NCERT Gist: Motions of The Earth Notes | EduRev

Geography for UPSC (Civil Services) Prelims

UPSC : NCERT Gist: Motions of The Earth Notes | EduRev

The document NCERT Gist: Motions of The Earth Notes | EduRev is a part of the UPSC Course Geography for UPSC (Civil Services) Prelims.
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MOTIONS OF THE EARTH

  • The earth has two types of motion, namely rotation, and revolution.
  • Rotation is the movement of the earth on its axis. An axis is an invisible line around which an object rotates or spins.
  • The ancient Indian astronomer Aryabhata had stated that the earth is round and rotates on its own axis.
  • The earth takes about 24 hours to complete one rotation around its axis.
  • The axis of the earth is not 90 degrees, it is tilted (23.5 degrees) and the angle of the earth’s axis is 66.5 degrees.
    NCERT Gist: Motions of The Earth Notes | EduRev

What caused the tilt?

  • When Earth was young, it is thought that something big hit Earth and knocked it off-kilter. So instead of rotating with its axis straight up and down, it leans over a bit.
  • By the way, that big thing that hit Earth is called Theia. It also blasted a big hole in the surface. That big hit sent a huge amount of dust and rubble into orbit. Most scientists think that that rubble, in time, became our Moon.

NCERT Gist: Motions of The Earth Notes | EduRevDAY and Night

  • The earth receives light from the sun. Due to the spherical shape of the earth, only half of it gets light from the sun at a time. The portion facing the sun experiences day while the other half away from the sun experiences night.
    NCERT Gist: Motions of The Earth Notes | EduRev

Day and Night

  • The movement of the earth around the sun in a fixed path or orbit is called Revolution.
  • Earth takes 365 ¼ days to revolve around the sun in its orbital plane.
  • The orbital plane of a planet is the geometric plane in which it revolves around the sun.
    NCERT Gist: Motions of The Earth Notes | EduRev

Orbital plane

  • We consider a year as having 365 days. Six hours saved every year are added to make one extra day every four years (leap year).
  • The orbit of the earth around the sun is not in a perfect circle. Earth is going around the sun in an elliptical orbit.
  • When an object moves around another object in an oval shaped path, it is known to be revolving in an elliptical orbit. All planets move in elliptical orbits around the sun. The Moon also moves around the earth in an elliptical orbit.

Question 1:Which of the following causes day and night on the Earth?

 Seasons

  • A year is usually divided into summer, winter, spring, and autumn seasons.

➢ What Causes the Seasons?

  • Earth's tilted axis and its revolution around the sun causes the seasons.
  • As Earth orbits the sun, its tilted axis always points in the same direction.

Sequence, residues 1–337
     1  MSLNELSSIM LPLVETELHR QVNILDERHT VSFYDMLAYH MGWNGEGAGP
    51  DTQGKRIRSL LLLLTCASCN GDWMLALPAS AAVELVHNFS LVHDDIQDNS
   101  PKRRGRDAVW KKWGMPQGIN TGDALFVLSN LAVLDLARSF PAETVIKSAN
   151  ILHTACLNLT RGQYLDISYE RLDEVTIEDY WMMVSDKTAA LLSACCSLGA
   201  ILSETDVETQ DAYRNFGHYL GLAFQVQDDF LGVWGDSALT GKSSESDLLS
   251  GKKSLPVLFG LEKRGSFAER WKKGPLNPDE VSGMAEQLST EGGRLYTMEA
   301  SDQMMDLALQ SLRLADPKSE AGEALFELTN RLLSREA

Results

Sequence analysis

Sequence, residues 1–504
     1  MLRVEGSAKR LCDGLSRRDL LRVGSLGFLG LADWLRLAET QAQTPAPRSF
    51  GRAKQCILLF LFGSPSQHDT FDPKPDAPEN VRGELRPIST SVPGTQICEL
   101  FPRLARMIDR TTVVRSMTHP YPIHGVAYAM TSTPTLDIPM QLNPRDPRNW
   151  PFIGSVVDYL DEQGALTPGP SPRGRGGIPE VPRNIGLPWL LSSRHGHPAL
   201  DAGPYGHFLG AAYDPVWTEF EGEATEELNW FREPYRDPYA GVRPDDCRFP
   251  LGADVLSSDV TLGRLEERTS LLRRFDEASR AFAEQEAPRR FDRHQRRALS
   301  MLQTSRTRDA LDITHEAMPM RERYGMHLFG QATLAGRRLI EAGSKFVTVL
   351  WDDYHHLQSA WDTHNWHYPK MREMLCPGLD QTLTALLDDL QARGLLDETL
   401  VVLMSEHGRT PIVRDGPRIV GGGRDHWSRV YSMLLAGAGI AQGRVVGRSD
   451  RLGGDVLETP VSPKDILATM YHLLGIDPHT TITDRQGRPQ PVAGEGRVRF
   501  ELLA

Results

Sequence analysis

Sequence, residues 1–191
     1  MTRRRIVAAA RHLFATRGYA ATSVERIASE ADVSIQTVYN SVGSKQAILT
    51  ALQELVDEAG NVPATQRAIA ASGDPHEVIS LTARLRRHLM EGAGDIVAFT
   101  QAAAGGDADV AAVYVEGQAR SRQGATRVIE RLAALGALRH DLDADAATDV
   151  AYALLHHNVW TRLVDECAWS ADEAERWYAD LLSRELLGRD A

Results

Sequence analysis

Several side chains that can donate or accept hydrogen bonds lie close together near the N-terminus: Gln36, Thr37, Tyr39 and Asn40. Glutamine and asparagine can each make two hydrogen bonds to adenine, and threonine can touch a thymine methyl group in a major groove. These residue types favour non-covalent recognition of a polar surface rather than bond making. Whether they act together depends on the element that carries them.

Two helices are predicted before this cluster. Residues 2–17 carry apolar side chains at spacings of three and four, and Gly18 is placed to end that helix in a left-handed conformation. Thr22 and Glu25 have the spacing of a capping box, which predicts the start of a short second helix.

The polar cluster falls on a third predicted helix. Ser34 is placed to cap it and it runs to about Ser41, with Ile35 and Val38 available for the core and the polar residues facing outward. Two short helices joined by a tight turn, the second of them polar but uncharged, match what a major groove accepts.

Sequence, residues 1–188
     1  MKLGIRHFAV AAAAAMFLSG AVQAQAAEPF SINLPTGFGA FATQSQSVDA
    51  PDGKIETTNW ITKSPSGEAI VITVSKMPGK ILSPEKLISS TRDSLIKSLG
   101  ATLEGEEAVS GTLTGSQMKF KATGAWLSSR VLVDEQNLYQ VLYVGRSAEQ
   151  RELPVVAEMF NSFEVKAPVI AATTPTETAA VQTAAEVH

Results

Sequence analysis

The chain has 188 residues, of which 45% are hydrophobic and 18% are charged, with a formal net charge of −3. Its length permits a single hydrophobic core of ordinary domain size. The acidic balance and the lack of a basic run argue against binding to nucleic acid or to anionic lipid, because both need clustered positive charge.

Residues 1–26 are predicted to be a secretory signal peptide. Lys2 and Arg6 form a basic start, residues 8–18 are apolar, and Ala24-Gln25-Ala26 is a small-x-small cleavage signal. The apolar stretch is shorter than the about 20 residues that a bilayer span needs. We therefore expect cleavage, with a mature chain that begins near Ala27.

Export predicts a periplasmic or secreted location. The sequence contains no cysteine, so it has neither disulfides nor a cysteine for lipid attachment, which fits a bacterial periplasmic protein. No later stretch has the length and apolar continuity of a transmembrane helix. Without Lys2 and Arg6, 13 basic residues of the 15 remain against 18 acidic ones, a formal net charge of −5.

NCERT Gist: Motions of The Earth Notes | EduRev
  • Throughout the year, different parts of Earth receive the Sun's most direct rays. So, when the North Pole tilts toward the Sun, it's summer in the Northern Hemisphere. And when the South Pole tilts toward the Sun, its winter in the Northern Hemisphere.
  • Sometimes it is the North Pole tilted toward the sun and sometimes it is the South Pole tilted toward the sun.
  • It is summer in June in the Northern Hemisphere because the sun's rays hit that part of Earth more directly than at any other time of the year. It is summer in December in the Southern Hemisphere because that is when it is the South Pole turn to be tilted toward the sun.

➢ Solstices and Equinoxes 
NCERT Gist: Motions of The Earth Notes | EduRev

Revolution of the earth and seasons

➢ Summer Solstice

  • On 21st June, the northern hemisphere is tilted towards the sun. The rays of the sun fall directly on the tropic of cancer. As a result, these areas receive more heat. The longest day and shortest night in the North Hemisphere occur on June 21st. At this time, in the southern hemisphere, all these conditions are reversed. The nights are longer than the days. This position of the earth is called the Summer Solstice.

➢ Winter Solstice

  • On 22nd December, the Tropic of Capricorn receives direct rays of the sun as the South Pole tilts towards the sun.  As a result, these areas receive more heat. The longest day and shortest night Southern Hemisphere occur on December 22nd. The reverse happens in the Northern Hemisphere. This position of the earth is called Winter Solstice.
  • When it is summer in Northern Hemisphere, places beyond Arctic Circle (66½° N) experience continuous daylight for about six months and, places beyond the Antarctica circle (66½° S) in the Southern Hemisphere experiences continuous light for six months and vice versa.

➢ Equinoxes

  • On 21st March and September 23rd, direct rays of the sun fall on the equator. At this position, neither of the poles is tilted towards the sun. So the whole earth experiences an equal length of days and nights. This is called Equinox.

Question 2:On which of the following date, occurs the longest day and shortest night in the Northern hemisphere of the Earth?

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